Every day, billions of obvious plastic offenders like plastic bottles, straws, plates, cups, takeout containers, utensils, etc., contribute to a big global mess, piling up ever higher in our recycling cans, trash dumps and, sadly, in our oceans – we’re looking at you Pacific Garbage Patch. We are all drowning in plastic! Even if you try to avoid it, the stuff still manages to worm its way into our lives in a range of subtle and not-so-subtle ways. Not only does it pollute the environment, but plastic is horrendous for your body, which is why I urge you to include a plastic purge on your spring cleaning to-do list. The more of it you can remove from your day-to-day, the better it will be for your health and the planet’s as well. For a few thoughts on why you need to keep this nasty stuff out of your body and home, and some tips on how to go about it, start here:

Plastic holds stuff – as it unleashes its toxins into you.

When it comes to holding stuff, plastic is darn good at it. Your cauliflower is probably wrapped in it; your spinach is likely bagged in it; last night’s leftovers are sealed with it; and most of your cosmetics and medications come packed inside bottles made of it. It is everywhere, literally everywhere. And while eliminating it is a worthy goal, it’s tough to find everyday basics that aren’t enclosed in plastic. But, if you care about your health, you’d be wise to start looking for ways to clear this stuff out of your life. Reducing your exposure to the toxins baked into plastics – that leach out of them and into you – is essential for your long-term wellness. 

The chemicals in plastics can make you very, very, even life-threateningly sick.

Trouble is, there’s a mountain of evidence showing that the chemicals found in plastic, like phthalates and bisphenol-A (BPA), are endocrine disruptors that interfere with the healthy function of key hormone systems and are just all-round toxic – with huge downsides that have been an open secret for decades. Among the chief concerns: BPA’s estrogen-mimicking effects which have been linked to a cavalcade of health problems, including reproductive issues, birth defects, breast cancer, heart and liver disease and neurological disorders. 

Though BPA is easier to avoid these days with the advent of BPA-free products, many BPA-free chemical alternatives are unknown commodities and may well be as dangerous as the BPA-originals (if not worse!). Remember, “BPA-free” doesn’t mean healthy, safer or toxin-free, so the wisest path is to get serious about cutting exposure to plastic as much as possible, BPA-free or otherwise.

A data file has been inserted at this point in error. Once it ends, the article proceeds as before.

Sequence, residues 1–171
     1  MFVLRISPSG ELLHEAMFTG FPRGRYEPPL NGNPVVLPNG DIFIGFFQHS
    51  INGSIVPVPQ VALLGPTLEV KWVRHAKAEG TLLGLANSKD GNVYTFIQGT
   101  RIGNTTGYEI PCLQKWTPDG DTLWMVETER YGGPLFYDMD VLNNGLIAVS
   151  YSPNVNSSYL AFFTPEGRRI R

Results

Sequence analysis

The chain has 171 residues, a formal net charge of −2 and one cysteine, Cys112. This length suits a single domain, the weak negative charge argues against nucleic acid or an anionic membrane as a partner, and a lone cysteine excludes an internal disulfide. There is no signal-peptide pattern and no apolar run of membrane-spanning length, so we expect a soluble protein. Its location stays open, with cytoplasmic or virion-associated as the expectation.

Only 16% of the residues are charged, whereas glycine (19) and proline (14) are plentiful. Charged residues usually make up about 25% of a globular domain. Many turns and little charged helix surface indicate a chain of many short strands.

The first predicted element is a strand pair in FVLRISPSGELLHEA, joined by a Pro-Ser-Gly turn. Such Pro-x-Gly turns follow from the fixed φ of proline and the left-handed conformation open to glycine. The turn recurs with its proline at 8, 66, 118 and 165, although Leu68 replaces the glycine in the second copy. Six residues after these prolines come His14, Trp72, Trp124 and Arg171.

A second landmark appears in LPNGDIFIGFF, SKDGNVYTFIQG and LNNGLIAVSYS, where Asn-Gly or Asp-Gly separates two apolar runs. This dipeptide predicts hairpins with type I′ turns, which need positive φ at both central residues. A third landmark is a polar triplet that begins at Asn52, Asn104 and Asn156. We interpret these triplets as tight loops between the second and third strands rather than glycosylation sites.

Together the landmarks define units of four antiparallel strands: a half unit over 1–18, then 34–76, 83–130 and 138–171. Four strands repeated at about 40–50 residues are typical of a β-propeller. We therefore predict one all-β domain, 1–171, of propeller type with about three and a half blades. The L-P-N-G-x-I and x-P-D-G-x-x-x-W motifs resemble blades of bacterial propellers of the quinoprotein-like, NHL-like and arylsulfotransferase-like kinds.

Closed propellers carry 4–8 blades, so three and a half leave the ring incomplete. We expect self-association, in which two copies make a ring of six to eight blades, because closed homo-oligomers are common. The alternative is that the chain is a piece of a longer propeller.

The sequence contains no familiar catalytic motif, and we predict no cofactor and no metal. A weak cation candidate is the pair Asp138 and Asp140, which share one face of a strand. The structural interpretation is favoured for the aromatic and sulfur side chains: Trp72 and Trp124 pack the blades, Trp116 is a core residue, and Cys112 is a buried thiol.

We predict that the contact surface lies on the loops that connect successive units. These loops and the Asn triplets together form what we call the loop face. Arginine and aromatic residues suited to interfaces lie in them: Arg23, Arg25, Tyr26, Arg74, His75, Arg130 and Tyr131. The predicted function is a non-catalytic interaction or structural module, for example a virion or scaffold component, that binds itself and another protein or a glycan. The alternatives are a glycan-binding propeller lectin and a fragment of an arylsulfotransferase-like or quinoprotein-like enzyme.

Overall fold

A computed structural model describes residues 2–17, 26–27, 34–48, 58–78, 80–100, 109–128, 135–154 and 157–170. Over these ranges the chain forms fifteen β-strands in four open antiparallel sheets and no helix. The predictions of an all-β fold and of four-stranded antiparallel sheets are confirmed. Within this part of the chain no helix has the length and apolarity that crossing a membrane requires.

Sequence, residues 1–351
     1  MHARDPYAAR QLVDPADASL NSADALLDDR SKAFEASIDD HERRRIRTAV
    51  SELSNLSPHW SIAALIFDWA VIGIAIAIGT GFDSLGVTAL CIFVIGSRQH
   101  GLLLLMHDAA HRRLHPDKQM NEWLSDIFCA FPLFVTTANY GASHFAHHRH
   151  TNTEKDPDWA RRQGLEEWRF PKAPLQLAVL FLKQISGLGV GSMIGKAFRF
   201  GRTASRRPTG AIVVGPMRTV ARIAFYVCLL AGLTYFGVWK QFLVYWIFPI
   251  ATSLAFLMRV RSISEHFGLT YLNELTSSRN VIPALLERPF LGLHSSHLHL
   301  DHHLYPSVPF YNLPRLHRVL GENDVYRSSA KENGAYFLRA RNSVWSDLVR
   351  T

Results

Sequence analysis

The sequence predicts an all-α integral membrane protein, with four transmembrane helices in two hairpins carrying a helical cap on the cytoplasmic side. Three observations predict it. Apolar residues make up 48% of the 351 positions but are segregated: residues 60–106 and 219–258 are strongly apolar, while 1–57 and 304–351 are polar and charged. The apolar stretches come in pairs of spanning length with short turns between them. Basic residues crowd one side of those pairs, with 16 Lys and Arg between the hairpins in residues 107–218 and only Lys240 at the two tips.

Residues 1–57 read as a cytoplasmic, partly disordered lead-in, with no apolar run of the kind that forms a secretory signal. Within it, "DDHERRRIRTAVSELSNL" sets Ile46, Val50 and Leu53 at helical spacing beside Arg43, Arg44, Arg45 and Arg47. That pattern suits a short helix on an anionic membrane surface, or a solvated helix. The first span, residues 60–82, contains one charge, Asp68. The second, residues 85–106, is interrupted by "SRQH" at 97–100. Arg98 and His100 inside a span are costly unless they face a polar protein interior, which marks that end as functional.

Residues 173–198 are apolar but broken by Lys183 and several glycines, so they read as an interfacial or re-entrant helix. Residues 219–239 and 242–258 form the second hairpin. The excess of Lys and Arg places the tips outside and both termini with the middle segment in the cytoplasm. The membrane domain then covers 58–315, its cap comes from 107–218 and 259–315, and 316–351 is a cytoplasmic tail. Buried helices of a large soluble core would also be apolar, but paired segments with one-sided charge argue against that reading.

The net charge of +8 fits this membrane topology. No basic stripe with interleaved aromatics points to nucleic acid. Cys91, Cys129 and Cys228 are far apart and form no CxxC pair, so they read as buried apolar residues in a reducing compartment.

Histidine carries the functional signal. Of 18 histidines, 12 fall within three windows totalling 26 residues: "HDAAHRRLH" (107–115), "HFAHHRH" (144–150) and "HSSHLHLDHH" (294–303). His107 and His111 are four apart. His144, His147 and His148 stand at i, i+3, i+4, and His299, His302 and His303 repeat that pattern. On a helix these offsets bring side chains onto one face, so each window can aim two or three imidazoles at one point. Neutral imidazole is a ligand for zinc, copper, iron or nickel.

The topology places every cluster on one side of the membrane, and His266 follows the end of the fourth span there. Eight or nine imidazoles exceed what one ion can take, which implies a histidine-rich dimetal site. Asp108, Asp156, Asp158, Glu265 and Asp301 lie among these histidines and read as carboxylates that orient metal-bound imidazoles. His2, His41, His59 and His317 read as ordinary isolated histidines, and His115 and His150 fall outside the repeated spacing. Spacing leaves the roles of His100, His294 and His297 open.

As for phthalates –  a family of chemicals that includes all sorts of nasties like BBP, DBP, MEP,  BzBP and DEHP – the picture is similarly ugly, with links to endocrine disruption,  increased breast cancer risk, and, in animal studies, a higher incidence of physical abnormalities in the male offspring of exposed mothers. Phthalate exposure is also associated with increased risk of type 2 diabetes, the onset and exacerbation of asthma and increased risk of obesity – making them a must-to-avoid too. 

Where are you most likely to run into phthalates on the daily? A lot of them will be in your personal care products, while BPAs are commonly found in food storage and drink containers, like water bottles.

Ready, set, purge!

To limit exposure at every turn, it helps to know where the bad guys hang out – and they lurk in places far beyond your average take-out soup container. If you’re expecting the government to protect you from the chemical onslaught, think again, as most of the laws regulating everyday chemicals are not only weak, they’re also really, really old. In fact, one of the key laws on the subject, Toxic Substances Control Act, dates back to 1976! So, where are you most likely to cross paths with plastic’s all-too-plentiful toxins? Here are a few everyday items to redline wherever possible:

  1. Hard plastic sports bottles – like the ones many cyclists use
  2. Plastic food storage containers – like Glad and Ziplock storage containers
  3. Plastic food wrap – like Saran Wrap, Glad Wrap, Cling Wrap